Neither is native in this sense.

      • Wine has to thunk system calls and handle PE/COFF objects so in that respect it isn't quite as native as Qt and GTK+. Win16 code even is more aggressively manipulated to get it running.

    • ..there isn't much holding me back from dumping Windows all together so seeing that Linux as a viable gaming platform is on the rise it shouldn't be too much longer before I can dump it all together and go full Linux. Sure Linux has Wine support but I would prefer to have native support instead.

      This is a very common opinion. However the problem is that switching from Windows to Linux does not really help the developer. The developer replaced a Windows sale with a Linux sale. Basically Linux will largely cannibalize Windows sales. So the justification to the developer for doing a Linux version has to go beyond simply the number of Linux sales.

      For a small and not-well-known developer this benefit may be greater exposure and word of mouth. For the large established developer the benefits for a Li

      • Basically Linux will largely cannibalize Windows sales.

        Not for games designed around the 2 to 4 controllers and large monitor in a living room. Only a tiny number of people [slashdot.org] have put together a living room gaming PC running Windows. The Steam Machines, on the other hand, are designed for the living room in order to make it easier for developers to get controller-friendly games out to the public with less overhead and less red tape than the consoles.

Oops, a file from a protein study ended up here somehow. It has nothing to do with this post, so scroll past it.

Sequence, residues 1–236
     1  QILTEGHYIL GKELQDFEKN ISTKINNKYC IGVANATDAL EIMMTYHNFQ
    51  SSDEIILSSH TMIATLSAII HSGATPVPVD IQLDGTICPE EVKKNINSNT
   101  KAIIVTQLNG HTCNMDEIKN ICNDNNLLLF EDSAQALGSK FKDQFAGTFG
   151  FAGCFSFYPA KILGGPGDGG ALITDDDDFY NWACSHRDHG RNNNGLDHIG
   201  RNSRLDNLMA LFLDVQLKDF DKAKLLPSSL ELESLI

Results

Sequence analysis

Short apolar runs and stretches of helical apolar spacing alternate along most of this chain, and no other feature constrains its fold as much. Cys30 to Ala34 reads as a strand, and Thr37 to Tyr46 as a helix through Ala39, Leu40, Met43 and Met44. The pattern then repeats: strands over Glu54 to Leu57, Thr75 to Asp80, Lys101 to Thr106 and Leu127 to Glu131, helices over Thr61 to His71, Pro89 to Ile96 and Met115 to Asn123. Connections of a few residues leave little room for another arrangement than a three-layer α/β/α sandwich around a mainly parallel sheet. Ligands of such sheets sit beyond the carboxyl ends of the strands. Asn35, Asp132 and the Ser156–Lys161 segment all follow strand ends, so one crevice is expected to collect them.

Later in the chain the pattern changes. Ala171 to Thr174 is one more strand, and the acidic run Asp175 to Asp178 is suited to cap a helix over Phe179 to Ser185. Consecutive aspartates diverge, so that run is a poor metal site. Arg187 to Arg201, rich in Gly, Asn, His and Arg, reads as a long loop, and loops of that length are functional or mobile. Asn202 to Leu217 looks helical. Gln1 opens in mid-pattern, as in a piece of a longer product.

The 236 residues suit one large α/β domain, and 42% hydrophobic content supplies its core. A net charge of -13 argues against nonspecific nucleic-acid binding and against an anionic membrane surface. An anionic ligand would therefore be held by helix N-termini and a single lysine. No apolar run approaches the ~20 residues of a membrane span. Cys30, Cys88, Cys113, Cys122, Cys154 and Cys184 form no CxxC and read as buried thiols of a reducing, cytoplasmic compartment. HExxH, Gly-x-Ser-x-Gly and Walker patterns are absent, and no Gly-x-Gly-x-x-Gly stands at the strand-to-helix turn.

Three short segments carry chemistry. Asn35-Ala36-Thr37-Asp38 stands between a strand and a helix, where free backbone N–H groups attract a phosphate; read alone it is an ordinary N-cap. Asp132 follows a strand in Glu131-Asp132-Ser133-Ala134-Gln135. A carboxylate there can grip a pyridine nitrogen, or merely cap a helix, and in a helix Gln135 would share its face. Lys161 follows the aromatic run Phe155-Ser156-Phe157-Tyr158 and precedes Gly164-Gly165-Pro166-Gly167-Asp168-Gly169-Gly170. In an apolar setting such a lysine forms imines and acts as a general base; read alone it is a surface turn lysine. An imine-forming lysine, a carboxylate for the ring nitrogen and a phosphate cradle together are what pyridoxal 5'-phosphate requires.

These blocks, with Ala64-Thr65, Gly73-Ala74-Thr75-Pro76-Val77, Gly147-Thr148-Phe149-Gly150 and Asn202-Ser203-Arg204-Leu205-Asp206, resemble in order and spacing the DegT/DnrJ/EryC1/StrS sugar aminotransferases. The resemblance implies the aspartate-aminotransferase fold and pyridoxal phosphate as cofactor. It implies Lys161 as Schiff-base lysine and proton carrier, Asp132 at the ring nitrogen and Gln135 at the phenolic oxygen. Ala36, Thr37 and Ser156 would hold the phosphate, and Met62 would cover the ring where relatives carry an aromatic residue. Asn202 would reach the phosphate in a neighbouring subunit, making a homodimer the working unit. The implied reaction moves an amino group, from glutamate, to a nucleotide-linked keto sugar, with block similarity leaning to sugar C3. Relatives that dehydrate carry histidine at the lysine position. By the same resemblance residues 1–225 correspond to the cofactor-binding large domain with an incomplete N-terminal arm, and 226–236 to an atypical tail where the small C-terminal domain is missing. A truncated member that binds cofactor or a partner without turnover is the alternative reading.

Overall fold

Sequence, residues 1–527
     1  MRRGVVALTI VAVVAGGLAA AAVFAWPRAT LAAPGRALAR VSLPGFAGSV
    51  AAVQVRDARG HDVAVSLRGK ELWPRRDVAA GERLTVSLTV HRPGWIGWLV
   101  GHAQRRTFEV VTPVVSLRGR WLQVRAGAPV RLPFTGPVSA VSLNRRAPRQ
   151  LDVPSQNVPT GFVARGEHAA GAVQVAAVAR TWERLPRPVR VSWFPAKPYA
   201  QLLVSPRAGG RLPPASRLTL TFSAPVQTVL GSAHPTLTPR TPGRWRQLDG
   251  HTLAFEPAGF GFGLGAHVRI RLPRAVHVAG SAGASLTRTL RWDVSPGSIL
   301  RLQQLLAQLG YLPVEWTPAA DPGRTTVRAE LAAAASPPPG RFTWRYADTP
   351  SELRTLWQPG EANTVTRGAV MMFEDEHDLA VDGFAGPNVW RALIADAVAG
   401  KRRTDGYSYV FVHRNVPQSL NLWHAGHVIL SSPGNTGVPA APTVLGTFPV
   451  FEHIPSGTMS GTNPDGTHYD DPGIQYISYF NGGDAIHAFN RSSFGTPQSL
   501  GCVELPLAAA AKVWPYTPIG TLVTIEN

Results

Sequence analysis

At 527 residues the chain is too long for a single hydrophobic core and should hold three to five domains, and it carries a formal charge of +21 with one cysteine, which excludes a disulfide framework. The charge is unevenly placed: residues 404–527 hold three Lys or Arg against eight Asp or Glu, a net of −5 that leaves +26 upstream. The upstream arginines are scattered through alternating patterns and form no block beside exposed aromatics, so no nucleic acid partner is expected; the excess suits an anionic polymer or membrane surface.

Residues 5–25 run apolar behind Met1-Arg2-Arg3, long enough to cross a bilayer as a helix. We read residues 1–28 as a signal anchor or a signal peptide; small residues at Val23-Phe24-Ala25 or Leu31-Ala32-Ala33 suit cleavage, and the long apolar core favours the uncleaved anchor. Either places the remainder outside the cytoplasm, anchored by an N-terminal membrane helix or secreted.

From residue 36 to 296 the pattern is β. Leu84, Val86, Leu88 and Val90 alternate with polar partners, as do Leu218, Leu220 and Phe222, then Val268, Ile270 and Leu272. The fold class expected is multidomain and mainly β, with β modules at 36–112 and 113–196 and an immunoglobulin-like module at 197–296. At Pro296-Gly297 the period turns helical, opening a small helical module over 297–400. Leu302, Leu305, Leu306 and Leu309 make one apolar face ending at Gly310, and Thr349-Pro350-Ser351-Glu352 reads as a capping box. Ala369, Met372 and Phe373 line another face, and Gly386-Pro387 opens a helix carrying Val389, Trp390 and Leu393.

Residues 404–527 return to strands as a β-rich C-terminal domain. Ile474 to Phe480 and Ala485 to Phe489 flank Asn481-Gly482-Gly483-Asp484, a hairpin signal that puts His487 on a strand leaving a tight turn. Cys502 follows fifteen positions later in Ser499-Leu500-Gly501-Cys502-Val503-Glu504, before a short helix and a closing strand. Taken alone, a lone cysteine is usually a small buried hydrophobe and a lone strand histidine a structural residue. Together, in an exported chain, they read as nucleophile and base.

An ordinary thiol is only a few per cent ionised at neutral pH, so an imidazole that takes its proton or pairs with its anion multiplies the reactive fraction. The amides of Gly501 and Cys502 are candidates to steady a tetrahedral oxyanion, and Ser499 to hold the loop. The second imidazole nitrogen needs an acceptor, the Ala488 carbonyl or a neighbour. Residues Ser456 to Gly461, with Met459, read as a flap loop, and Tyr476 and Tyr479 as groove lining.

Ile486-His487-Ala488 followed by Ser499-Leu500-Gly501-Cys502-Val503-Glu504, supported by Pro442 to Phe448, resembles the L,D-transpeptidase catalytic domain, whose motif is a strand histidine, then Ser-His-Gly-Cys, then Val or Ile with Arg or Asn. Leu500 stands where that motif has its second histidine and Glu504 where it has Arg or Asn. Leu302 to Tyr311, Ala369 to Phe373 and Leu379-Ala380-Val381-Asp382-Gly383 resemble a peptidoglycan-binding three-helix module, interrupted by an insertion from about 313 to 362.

• by Darinbob (1142669)

          Hmm, controller-friendly games and current Steam games are mostly for separate market segments. So it means Valve is branching into a new market.

    • by mjwx (966435)

      ..there isn't much holding me back from dumping Windows all together so seeing that Linux as a viable gaming platform is on the rise it shouldn't be too much longer before I can dump it all together and go full Linux. Sure Linux has Wine support but I would prefer to have native support instead.

      Games are pretty much the only thing keeping me on Windows.

      Linux, OSX/IOS, Android. Games are pretty much the only thing I do that cant be effectively done though a browser or are generic enough to have programs to perform the same thing on all platforms.

  • Number six

      Be seeing you

  • Maia and Linux (Score:5, Interesting)

    by blackraven14250 (902843) on Wednesday January 29, 2014 @08:09PM (#46105537)
    Maia isn't a game that's "soon to be released". Maia is in a very early alpha stage with very little of the final functionality - you'd expect Linux to be over represented in that particular sample.
    • by mjwx (966435)

      Maia isn't a game that's "soon to be released". Maia is in a very early alpha stage with very little of the final functionality

      So if it were an EA game, we'd be in the post release stage.

  • by asmkm22 (1902712) on Wednesday January 29, 2014 @08:21PM (#46105681)

    The problem is that Linux still needs a baseline distro for developers to target. Ubuntu had a lot of promise until the last few years where it's been shifted to target every device *except* desktops. Not to mention the weird shit they've been pushing like ads in the OS.

    I'd really like to see something to the effect of a Linux Gaming Standard, where as long as certain structural conditions are met within any given distro, developers could simply target those standards and build their rpm/deb packages and not have to worry about supporting Ubuntu specifically. I'm talking things like specific libraries and drivers that need to be present for "Linux Gaming Standard" certification, so that people aren't having to worry about hunting down the right repo by blindly copy/pasting some forum suggestion for someone else into their terminal hoping to make magic happen.